Theme, Literature and Money
Today we conclude Mark Barrett’s series on theme, which originally appeared on his Ditchwalk site and is reprinted here in its entirety with his permission. You can read the first entry in the series, ‘Axing Theme’, here, and second installment, Thinking Theme For Fun and Profit, here, and the third entry, Theme As Technique, here.
Nathan Bransford put up a post today titled Themes Schmemes. Here’s the gist of it:
I think the drive to write Literature/art sometimes leads some very talented writers, especially young ones, to write books that as an agent I can’t sell because there’s too much attention paid to the themes and the subtext and the meaning and other English-class-type concerns, rather than the narrative and the plot and the craft and other sausagemaking-type concerns.
In talking about theme over the course of this past week, I tried to stay focused on the difference between theme as a useful literary technique and theme as a toxic analytical tool. I tried to stay away from the relative merit of theme as a technique or personal literary objective because I consider that an artistic choice. Saying that theme is bad when used by a particular author to create a given story would be like saying that reference photographs are bad for any artist’s painting. It’s not for me to decide.
Bransford’s post, however, changes the axis of analysis. Instead of the utility or merit of theme, he is focused — rightly, for an agent — on sales. And from that point of view I have no doubt that he’s right: theme and other literary tools are often completely unnecessary when crafting marketable fiction. The problem, of course, is that this is a slippery slope, and once you shove off you can’t stop the slide without exposing yourself to your own market-driven arguments.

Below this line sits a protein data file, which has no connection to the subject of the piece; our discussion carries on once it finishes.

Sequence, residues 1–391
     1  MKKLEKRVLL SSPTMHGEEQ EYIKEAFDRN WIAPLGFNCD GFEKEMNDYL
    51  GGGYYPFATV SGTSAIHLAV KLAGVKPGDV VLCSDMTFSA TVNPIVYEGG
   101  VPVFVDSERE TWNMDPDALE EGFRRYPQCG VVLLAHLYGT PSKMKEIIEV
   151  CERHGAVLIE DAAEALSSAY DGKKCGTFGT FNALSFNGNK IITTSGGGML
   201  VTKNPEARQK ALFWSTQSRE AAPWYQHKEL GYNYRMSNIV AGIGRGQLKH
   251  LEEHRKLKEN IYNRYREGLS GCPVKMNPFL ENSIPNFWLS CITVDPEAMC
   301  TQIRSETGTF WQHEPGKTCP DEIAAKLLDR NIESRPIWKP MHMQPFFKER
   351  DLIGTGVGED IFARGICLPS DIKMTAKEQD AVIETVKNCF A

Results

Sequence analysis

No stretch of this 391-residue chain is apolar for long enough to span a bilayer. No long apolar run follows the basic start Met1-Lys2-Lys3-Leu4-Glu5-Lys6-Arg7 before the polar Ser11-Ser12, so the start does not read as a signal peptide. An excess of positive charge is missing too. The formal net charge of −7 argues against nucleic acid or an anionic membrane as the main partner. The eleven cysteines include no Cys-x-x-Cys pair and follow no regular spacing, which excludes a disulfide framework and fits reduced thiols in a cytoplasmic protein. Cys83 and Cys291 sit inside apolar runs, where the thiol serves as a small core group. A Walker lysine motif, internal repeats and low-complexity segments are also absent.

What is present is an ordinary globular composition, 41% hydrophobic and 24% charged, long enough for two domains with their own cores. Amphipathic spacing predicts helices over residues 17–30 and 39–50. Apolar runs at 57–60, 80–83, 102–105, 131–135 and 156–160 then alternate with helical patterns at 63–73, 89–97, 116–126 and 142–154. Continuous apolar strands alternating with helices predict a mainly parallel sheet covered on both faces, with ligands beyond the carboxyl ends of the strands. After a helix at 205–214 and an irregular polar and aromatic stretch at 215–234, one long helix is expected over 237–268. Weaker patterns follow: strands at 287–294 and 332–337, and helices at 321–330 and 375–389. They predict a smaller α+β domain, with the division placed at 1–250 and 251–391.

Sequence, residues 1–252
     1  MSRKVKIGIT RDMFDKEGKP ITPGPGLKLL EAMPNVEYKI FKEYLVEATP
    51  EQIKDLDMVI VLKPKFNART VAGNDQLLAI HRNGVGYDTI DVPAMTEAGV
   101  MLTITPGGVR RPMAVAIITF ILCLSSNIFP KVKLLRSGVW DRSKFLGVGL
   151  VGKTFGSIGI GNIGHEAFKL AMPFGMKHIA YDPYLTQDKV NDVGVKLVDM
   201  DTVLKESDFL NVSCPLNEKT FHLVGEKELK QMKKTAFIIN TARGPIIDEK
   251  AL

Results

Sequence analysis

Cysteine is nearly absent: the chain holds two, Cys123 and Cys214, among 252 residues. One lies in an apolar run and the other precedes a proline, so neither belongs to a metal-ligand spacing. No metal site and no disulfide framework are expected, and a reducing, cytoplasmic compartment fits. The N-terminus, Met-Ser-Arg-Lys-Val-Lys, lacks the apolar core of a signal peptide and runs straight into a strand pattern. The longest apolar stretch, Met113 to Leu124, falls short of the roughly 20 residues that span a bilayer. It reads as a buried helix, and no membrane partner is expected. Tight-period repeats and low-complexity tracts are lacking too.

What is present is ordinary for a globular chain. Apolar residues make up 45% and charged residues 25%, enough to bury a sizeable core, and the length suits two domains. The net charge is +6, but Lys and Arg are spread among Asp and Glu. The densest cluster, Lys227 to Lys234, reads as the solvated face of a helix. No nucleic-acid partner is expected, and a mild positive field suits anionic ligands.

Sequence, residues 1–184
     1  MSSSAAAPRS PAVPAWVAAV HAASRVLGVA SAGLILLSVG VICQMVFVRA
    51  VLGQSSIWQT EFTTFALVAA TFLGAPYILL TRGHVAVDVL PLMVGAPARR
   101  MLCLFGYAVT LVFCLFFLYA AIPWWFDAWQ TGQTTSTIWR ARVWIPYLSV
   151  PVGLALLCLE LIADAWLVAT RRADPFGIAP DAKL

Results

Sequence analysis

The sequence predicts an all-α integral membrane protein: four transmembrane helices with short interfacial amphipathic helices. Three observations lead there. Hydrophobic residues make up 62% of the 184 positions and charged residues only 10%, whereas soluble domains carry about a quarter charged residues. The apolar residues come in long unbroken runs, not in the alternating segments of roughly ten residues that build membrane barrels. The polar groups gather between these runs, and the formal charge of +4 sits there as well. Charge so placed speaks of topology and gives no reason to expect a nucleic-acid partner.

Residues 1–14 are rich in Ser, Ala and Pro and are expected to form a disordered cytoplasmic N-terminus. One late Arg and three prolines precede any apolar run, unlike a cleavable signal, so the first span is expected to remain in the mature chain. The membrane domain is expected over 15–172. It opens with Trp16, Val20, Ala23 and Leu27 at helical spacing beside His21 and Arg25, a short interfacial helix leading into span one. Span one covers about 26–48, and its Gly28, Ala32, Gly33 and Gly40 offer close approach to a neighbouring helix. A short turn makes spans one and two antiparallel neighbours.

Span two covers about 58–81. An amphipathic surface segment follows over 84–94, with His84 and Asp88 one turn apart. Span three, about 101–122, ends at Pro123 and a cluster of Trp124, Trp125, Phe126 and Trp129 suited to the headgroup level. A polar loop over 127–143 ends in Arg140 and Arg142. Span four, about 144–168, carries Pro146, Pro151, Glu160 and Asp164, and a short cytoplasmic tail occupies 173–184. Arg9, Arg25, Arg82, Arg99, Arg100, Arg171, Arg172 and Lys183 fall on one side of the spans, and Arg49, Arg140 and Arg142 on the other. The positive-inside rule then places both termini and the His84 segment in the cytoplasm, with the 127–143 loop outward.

I’m confident Bransford believes there’s a minimal level of storytelling skill necessary to write a bestseller. Still, if you found a trendy, charismatic writer who could riff on pornographic sex, gruesome, sadistic violence and pop-culture references, and you hyped the resulting title with a cutting-edge social-media marketing tour, you might end up with a bestseller on your hands. At which point that writer’s agent would point out that Bransford’s concerns about plotting and character and story are totally overrated, and the only thing that matters is whether you really can increase sales by taking a bus load of orphans hostage and refusing to free them until every American buys five copies of Risotto: A Love Story.
Which is why I tend not to make market-driven arguments about craft-driven processes. If what sells is what matters, then nothing else matters.
Mark Barrett has been a professional freelance writer and storyteller for over twenty years, and also works in the interactive entertainment industry.